* a battery
* a water-cooled chiller
* a commercially available fiber laser
* an upgraded beam director, weighing 40% less than a previous model.
In total, the system weighs about 650 pounds and would probably be operated by a squad of eight to 12 soldiers or Marines.
Able to be assembled in just 15 minutes, LWS is capable of generating an energy beam of up to 10 kilowatts that can, depending on the power level, be used to acquire, track, and identify a target -- or even destroy it -- at ranges of at least 22 miles. The weapon is designed specifically to track and attack moving aerial targets such as incoming artillery rounds, and low-flying aircraft and unmanned aerial vehicles.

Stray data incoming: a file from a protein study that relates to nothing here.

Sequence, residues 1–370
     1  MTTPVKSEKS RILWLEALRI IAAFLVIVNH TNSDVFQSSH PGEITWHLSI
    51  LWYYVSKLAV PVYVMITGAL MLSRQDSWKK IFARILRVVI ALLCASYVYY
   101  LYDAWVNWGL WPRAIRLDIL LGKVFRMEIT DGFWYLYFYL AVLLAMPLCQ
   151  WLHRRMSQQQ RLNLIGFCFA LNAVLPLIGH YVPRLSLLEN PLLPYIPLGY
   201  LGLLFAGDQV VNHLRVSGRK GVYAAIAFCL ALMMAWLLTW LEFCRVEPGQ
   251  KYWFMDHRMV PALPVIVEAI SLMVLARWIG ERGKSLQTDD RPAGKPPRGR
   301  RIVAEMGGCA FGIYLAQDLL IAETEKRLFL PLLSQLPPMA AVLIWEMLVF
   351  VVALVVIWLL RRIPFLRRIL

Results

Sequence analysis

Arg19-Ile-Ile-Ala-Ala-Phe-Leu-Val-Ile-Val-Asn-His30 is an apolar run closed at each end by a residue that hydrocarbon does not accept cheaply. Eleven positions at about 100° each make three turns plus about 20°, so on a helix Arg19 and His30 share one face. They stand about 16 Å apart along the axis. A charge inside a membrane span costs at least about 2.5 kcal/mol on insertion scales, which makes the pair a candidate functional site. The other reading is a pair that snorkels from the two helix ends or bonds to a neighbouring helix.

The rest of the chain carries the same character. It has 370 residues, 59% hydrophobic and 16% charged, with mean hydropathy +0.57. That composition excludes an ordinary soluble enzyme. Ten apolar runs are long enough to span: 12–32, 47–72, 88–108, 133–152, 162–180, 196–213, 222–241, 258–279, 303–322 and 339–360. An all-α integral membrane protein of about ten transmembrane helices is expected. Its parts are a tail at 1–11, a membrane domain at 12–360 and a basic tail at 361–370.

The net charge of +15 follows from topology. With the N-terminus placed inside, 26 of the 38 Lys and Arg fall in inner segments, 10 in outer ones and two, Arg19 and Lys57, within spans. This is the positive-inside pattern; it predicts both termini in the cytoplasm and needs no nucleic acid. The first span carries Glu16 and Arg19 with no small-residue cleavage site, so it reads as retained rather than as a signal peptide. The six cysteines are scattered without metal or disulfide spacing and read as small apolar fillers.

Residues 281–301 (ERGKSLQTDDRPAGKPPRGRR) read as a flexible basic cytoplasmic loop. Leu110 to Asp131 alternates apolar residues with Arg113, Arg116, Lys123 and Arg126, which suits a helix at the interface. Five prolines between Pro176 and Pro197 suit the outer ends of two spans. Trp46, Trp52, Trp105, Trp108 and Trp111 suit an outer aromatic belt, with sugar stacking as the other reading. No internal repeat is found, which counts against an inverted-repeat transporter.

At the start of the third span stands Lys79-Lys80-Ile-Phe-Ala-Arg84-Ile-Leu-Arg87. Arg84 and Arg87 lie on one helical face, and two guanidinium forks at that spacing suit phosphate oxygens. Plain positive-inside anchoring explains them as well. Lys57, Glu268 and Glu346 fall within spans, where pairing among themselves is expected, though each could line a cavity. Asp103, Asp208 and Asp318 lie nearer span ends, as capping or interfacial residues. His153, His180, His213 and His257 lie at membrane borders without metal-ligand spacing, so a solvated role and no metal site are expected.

Within five years the energy density of the batteries could be doubled and the other components should also be further reduced in size to get the system down to 200-300 pounds.
With 10 kilowatt lasers in that size range, 200-300 kilowatt lasers could fit into the truck sized systems.
The Navy systems should be at the megawatt level.
SOURCES - Fool.com